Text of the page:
Purpose: For the past 2 decades, neuroimaging studies in dyslexia have pointed toward a hypoactivation of the ventral occipitotemporal cortex (VOTC), a region that has been closely associated to reading through the extraction of a representation of words which is invariant to position, size, font or case. However, most of the studies are confined to the visual word form area (VWFA), while recent studies have demonstrated a posterior-to-anterior gradient of print specificity along the VOTC. In our study, the whole VOTC, partitioned into three main patches of cortex, is assessed in dyslexic and control adults.
Methods: A total of 30 participants were included in this study (14 developmental dyslexics and 16 age- and education-matched controls). The design consisted of alternately viewed blocks of stimuli from a given class (words, consonant strings, phase-scrambled words, phase-scrambled consonant strings, small checkerboards, large checkerboards). The analyzed contrast was print stimuli (words and consonants) versus scrambled stimuli and checkerboards.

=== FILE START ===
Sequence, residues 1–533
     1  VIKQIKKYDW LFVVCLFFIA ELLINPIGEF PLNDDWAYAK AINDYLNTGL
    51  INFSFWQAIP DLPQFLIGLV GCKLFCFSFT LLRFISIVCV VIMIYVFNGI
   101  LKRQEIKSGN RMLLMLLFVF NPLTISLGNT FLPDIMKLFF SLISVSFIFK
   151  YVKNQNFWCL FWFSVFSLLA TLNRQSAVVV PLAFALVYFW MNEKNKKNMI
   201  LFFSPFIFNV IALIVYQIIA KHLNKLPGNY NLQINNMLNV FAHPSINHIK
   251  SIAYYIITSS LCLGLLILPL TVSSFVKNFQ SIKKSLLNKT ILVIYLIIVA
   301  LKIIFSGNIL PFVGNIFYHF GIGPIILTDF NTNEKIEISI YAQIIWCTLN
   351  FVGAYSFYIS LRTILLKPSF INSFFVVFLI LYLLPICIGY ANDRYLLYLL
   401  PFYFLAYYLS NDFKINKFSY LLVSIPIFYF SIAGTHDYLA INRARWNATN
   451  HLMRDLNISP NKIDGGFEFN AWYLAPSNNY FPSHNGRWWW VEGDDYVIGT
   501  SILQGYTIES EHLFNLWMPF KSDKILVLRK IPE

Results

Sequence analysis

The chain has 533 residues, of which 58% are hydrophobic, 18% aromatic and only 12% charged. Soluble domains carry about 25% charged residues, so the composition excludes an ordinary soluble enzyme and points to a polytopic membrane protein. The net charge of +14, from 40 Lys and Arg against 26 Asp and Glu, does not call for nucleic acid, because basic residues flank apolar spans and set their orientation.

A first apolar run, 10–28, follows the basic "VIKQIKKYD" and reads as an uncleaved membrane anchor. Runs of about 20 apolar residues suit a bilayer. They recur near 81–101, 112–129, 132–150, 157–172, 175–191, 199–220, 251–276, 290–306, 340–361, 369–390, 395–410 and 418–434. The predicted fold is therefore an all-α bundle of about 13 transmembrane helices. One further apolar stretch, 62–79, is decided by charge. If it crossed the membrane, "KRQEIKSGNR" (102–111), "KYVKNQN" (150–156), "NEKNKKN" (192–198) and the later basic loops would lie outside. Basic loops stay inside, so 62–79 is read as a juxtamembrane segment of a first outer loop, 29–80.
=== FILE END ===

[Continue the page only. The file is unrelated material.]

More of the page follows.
Results: Corroborating previous findings, our results showed underactivation to print stimuli in the VWFA of dyslexics. Additionally, differences between dyslexics and controls were also found, particularly in an area of the anterior partition of the VOTC, suggesting a relevant role of this area in word processing.
Conclusions: In sum, our study goes beyond the underactivation hypothesis in the VWFA of dyslexics and indicates that a particular area on the anterior fusiform region might be particularly involved in the reading deficits in dyslexia, demonstrating the involvement of multiple areas within VOTC in reading processes.